HER OWN RULES
Celebrity blogger Kryz Uy is wielding her online influence with a new set of codes
Hailed as Influence Asia’s top beauty influencer last December, Kryz Uy has held sway over the sphere of blogging and social media since her wired generation discovered the power of posting online. “[I used to be] a workaholic. I was so anal, I wanted to control everything,” she confesses. But on her Instagram account, currently 352,000 followers strong, she recently posted a photo of herself caught in the middle of a rain of feathers, doing an improv ballet pose—and showing a bit of spontaneity.
“I practically live in flats now: sneakers, sandals, or Birks,” says Uy, who used to sport smokey eyes and high heels the moment she left the house. “I guess it’s also a sign of maturity.” As she adds a brand and a book to her name, the 26-year-old tells us she has no idea what the trends are now. You can hardly call this a rebirth, but Uy is making her brand evolve by simply re-establishing an image she can call entirely her own.
How will this year be different for you?
I’m actually launching a book by March, a “behind-the-blog.” My whole team is from Cebu. It’s really a proud moment for us. I’m launching quite a number of things, including a brand. They’re still in the works so I don’t want to jinx anything. It’ll be a busy year. I’m thinking of flying to the Caribbean in August, and maybe Europe in May or June.
Your style has shifted to more comfortable wear. What trends are you seeing nowadays?
I used to be the creative director for the fashion brand What a Girl Wants, and we subscribed to WJSN, a trend forecasting network. I’ve already tried every trend in the industry. You name it: stacked bangles, heelless shoes, asymmetric skirts. I feel like I’ve come into terms with my own personal style now. I guess it’s also a sign of maturity. That’s why I also transitioned my blog into travel and lifestyle topics. Before, I really researched what’s trending for each season. Now, my free time is spent experiencing things rather than researching. I don’t even know what the trends are now.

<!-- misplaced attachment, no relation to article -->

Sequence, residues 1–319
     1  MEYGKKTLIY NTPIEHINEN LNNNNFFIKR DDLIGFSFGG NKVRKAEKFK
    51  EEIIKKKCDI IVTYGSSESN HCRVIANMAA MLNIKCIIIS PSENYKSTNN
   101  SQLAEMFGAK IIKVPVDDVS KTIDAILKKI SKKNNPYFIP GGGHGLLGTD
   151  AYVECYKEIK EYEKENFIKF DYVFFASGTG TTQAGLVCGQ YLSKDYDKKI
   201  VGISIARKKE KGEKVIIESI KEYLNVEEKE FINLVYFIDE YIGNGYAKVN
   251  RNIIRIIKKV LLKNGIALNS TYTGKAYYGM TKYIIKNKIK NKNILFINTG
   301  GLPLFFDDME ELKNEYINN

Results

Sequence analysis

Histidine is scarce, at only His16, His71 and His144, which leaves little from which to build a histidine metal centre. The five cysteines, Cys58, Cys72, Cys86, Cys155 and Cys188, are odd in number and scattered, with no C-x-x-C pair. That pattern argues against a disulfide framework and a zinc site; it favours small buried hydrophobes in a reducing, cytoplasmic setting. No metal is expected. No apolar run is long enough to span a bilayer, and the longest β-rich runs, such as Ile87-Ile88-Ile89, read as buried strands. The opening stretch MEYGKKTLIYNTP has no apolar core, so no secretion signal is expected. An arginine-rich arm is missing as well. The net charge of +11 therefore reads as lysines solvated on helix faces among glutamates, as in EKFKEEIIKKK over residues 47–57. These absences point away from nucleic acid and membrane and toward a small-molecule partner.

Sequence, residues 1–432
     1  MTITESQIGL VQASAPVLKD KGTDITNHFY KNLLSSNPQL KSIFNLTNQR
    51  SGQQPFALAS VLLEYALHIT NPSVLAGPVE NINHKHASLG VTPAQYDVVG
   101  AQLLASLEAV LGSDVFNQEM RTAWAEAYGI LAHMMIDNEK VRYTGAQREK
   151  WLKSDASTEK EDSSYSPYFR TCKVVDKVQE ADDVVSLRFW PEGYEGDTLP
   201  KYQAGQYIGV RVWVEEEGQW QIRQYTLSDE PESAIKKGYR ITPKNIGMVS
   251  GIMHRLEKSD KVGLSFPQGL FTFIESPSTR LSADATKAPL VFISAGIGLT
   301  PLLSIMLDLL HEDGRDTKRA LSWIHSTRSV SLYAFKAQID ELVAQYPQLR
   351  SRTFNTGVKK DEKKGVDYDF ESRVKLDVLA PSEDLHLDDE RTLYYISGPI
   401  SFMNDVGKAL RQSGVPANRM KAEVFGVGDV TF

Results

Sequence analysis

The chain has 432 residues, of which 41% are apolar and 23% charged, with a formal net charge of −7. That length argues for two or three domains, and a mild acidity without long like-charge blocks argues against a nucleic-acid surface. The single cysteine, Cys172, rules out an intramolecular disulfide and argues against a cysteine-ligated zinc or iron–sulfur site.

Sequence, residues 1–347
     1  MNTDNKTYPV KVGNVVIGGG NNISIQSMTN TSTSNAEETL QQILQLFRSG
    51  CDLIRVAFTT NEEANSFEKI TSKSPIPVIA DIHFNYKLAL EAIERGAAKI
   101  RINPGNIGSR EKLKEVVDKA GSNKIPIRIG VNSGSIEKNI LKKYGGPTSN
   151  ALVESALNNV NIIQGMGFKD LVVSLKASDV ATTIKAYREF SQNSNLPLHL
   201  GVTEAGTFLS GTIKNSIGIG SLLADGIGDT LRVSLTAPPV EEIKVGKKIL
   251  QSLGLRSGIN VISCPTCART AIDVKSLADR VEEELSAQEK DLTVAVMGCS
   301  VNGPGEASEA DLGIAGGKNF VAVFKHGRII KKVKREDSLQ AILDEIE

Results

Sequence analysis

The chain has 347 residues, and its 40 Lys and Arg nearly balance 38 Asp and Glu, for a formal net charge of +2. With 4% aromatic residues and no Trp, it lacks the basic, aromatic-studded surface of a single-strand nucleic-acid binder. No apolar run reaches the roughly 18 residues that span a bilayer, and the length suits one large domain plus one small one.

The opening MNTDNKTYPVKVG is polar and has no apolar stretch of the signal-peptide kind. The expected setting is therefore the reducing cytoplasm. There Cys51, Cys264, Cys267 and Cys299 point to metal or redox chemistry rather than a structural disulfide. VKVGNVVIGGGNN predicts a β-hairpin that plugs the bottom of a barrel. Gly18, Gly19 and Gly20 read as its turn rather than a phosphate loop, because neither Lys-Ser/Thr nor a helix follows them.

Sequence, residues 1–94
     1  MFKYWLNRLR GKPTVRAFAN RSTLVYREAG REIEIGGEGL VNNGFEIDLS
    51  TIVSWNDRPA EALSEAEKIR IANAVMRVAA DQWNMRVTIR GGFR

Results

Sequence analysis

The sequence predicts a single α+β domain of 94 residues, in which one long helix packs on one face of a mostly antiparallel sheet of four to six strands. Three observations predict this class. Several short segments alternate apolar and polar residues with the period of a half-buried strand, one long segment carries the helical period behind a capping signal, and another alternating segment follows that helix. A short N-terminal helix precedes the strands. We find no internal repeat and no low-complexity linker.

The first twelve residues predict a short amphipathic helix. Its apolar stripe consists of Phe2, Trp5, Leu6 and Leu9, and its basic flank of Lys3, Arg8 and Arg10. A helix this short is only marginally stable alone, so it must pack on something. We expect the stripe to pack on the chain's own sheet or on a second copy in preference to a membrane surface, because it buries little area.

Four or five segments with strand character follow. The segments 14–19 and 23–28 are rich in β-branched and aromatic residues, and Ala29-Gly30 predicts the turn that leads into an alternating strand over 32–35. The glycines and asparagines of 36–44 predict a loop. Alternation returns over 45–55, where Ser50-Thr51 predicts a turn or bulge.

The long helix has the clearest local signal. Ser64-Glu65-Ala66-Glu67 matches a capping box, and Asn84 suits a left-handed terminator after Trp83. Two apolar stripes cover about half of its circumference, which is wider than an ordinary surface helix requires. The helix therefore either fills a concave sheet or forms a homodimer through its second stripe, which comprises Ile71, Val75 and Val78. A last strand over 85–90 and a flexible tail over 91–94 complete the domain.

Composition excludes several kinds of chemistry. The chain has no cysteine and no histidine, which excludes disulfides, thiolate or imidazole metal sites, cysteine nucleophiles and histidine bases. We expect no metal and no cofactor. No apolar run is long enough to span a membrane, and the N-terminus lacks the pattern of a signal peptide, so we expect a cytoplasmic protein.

Social media is a fast-shifting landscape. How are you making your brand evolve?
I recently learned how to edit videos. I’m a one-woman team, and my videos are a work in progress. I also developed an app because people these days access the Internet through their mobile devices; they’re a more immediate way to read blogs. I’m [also] collaborating with creative people in the industry. I want to see what other creatives are capable of.
How do you sustain a beauty routine?
My beauty rule is to cleanse, tone, moisturize, then sleep. In the morning, I apply facial mist, moisturizer, sunblock, and then makeup. I love Marie France and Facial Care Center. I have been going there as a kid, and it’s where I got my laser light. My parents also go there, my sisters go there. It’s already part of our family. [Last year I was part of their] advocacy against breast cancer.
In a post, you said we’re past the age of Maria Claras. What is the modern Filipina exactly?
My mom told my sister, “Guys don’t like it when women are too smart. You have to play [your intelligence] down.” It’s old-fashioned thinking. Before, it’s so Filipino to think that women [with] too much makeup, who are powerful, aren’t good to look at. I meet many people in different industries; the top-ranking positions [are held by] women. It’s inspiring. In a more masa setting, the concept of the modern Filipina [is still unaccepted], so there’s a big responsibility on the part of us influencers; [here], the main source of information is television. During the recent Metro Manila Film Festival, cinemas were only showing films that made money. [We left out themes] that aim to educate. Teleseryes have exaggerated plots. It’s a formula that works for the Philippine market, but we can’t stick only to what works. We need to educate the market [for them] to change, to mature, to grow.